I actually sat in for most of the penultimate episode. I also watched most of the finale. I think by now, I've watched something like six or seven full episodes. With my wife's running commentary, I get caught up.
So, as an outsider and a storyteller, I've got a couple of thoughts about the finale.
Spoilers of course.
Peter Dinklage is Incredible
You know that. I already knew that. From what I've seen in the GOT episodes I've watched and his other non-GOT material, I've known the man could act. But his acting abilities and the role of Tyrion were paired perfectly. His anguish at locating his siblings' bodies in the rubble and, despite all that's occurred, still weeping for them. He can convey more emotion by the movement of his eyes than many actors can with a long soliloquy. I very much enjoyed him last night, especially in his speech in which he puts forth the idea of an elected king. And I love the idea that they made Bran the Broken the king even though he didn't want to. A little like America's own George Washington, a man who accepted responsibility because it was his duty. Tyrion, in his own way, was the one who kind of was the leader of that little group, and gave the power to Bran. And then accepted the role of The Hand because it was his duty. Powerful stuff.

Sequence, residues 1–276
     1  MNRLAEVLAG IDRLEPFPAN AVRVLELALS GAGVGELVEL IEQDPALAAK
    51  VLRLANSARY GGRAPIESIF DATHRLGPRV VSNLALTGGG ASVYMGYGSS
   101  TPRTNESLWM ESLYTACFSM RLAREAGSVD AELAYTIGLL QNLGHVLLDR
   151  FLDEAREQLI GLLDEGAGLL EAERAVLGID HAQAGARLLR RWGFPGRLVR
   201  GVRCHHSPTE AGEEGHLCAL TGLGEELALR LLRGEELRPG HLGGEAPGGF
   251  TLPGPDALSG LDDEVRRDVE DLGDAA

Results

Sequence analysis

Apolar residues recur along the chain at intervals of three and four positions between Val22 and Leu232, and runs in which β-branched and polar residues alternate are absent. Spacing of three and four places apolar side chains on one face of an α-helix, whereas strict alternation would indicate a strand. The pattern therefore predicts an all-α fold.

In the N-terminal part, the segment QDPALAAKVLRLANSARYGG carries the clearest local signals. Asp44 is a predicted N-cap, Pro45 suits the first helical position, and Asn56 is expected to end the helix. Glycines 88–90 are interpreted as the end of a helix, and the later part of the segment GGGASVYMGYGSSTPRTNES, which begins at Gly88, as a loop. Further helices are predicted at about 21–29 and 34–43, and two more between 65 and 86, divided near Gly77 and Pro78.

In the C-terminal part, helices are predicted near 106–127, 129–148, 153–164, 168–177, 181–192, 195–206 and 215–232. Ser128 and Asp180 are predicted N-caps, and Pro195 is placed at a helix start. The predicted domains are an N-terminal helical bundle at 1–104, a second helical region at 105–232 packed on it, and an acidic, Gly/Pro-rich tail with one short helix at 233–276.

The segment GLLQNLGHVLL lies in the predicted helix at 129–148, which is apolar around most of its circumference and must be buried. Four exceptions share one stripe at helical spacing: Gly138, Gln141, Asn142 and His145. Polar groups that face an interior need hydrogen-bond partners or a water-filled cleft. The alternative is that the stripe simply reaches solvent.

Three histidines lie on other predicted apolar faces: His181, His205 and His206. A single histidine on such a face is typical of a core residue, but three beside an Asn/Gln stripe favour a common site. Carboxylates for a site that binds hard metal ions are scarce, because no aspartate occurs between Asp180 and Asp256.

I'm not sure how many Emmys he's won for this role, but he needs another.
The Iron Throne
Even from the outside looking in I've known about the Iron Throne for eight years. It's jumped out of the show and become its own thing. Heck, there was even a replica here in Houston for Comicpalooza.
But to have the dragon melt it? Boy, was that a brave choice. I expected to have the last scene of this show be whomever sitting down on the throne. Nope. A brave choice that led to something better.
The Actual Ending
Over the years, all my favorite shows end. Some, like Friends, have the characters break up and leave the confines of the familiar apartment or neighborhood bar. An actual ending.
But I've become more of a fan of how GOT ended last night. Just like with The Big Bang Theory, you know life will go on, but we viewers won't be around to see them. Tyrion at the head of the table, discussing the business of the kingdom. His tone was simultaneously hopeful, bored, and light. Jon Snow going off with those people (I've forgot the names but my wife tells me they are the people of his dead wife) to make a new life. The one young lady [daughter of someone...hang on: let me look her up. Arya!] sailing off on the ship to see what's west of Westeros. That's adventure! That's hope.
As a storyteller, I really enjoyed that kind of ending.